You should start by splitting a monolith into logical components. When splitting the monolith, you should be able to decipher the common or reusable components. After that, you should consider the business benefits of combining the two architectural styles in the same application and deciphering the components that can be built and deployed as a single monolithic solution.
The most important thing to consider is refactoring those parts of the application that will yield the best results when converted to microservices. You should be able to find out those parts of the application that can scale better (if not seamlessly) than the other parts of the application.
You should be able to find out the resource consumption of each module and then based on this you can decide which parts of the application can scale better. You might consider making security a separate microservice that scales based on load if your application is intended for multiple concurrent users. Another reason for isolating the security module as a microservice is to be able to handle or mitigate security risks in your application.
Microservices architecture allows for the application to be updated seamlessly. One significant advantage of microservices architecture is that it allows you to change portions of an application without affecting other components. As an example, the backend of your application might not change often while the front-end would need to be updated.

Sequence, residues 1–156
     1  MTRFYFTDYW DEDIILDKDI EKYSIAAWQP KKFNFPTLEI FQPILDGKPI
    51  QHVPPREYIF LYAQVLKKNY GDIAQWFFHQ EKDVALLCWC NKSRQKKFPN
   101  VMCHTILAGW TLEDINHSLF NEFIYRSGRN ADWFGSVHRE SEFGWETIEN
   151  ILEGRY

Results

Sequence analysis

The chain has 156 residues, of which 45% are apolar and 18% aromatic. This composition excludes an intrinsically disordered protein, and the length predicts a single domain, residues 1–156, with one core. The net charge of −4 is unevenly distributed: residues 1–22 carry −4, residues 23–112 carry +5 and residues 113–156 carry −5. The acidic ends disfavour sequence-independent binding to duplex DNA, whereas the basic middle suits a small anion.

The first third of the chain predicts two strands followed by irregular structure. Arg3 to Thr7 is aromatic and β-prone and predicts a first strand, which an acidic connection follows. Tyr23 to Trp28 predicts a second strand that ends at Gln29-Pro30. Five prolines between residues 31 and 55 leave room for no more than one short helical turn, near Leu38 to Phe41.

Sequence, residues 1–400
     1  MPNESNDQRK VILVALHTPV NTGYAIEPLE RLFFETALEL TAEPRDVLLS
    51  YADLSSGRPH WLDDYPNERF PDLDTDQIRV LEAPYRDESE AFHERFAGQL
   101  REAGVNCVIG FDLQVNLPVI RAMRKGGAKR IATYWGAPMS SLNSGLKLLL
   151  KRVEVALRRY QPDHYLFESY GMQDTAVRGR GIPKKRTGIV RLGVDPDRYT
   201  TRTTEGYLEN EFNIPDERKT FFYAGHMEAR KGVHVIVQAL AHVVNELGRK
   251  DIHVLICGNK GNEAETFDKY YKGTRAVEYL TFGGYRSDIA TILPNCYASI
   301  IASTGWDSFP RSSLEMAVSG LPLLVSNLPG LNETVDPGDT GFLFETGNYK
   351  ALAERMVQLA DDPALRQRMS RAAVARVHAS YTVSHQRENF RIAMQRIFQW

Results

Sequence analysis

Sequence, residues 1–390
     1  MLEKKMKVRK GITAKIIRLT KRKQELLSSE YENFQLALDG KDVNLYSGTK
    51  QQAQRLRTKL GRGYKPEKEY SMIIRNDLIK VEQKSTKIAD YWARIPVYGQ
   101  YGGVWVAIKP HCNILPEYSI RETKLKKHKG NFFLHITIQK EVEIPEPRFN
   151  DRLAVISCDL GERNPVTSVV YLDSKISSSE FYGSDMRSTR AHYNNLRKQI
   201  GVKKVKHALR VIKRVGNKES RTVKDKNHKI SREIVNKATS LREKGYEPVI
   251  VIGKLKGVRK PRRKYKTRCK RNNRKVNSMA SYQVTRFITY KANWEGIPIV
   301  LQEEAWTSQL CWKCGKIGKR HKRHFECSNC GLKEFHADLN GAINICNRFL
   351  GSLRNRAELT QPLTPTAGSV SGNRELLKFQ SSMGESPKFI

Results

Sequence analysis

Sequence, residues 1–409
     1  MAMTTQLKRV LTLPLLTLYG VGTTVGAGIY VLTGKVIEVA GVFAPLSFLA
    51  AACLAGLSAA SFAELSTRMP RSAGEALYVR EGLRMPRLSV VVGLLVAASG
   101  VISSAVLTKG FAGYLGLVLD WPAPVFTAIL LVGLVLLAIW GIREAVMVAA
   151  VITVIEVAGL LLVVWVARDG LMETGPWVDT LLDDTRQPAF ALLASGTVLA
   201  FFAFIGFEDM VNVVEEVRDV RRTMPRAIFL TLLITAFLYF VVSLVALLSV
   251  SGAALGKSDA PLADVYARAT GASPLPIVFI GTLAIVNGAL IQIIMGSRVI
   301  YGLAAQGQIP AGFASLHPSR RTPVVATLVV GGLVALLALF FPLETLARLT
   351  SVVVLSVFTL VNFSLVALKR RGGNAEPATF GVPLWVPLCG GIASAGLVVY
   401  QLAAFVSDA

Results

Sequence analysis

You can update certain components of your app without affecting the other components. To facilitate seamless updates to your application, you might want to make those parts of the application that might change frequently, a microservice.
For example, assuming that the data access components of your application might not be updated often, you might want it to be a monolithic codebase while the other components of the application can be converted to one or more microservices.
You might think of migrating your monolithic application to microservices for better scalability and performance. However, you wouldn’t be able to convert your monolith to a microservice at the drop of a hat – there are challenges galore. There can be several constraints such as, availability of the right technologies and tools, availability of the necessary developer resources, etc. You should not leverage microservices architecture just for the sake of using it. Rather, you should leverage it when your application needs it.
A recommended practice is to adopt a hybrid approach as discussed here. Like a hybrid cloud that comprises of public, private and/or on-premises infrastructure, you can hybridize microservice architecture for improved flexibility, scalability, and security of your application.
For large business systems, neither a completely monolithic nor a microservices architecture is sufficient. An entirely monolithic approach is not suitable for systems that need to scale, such IoT. Furthermore, a complete microservices architecture isn’t ideal – the next logical step is a hybrid strategy, which combines a blend of monolithic and microservices architectural styles.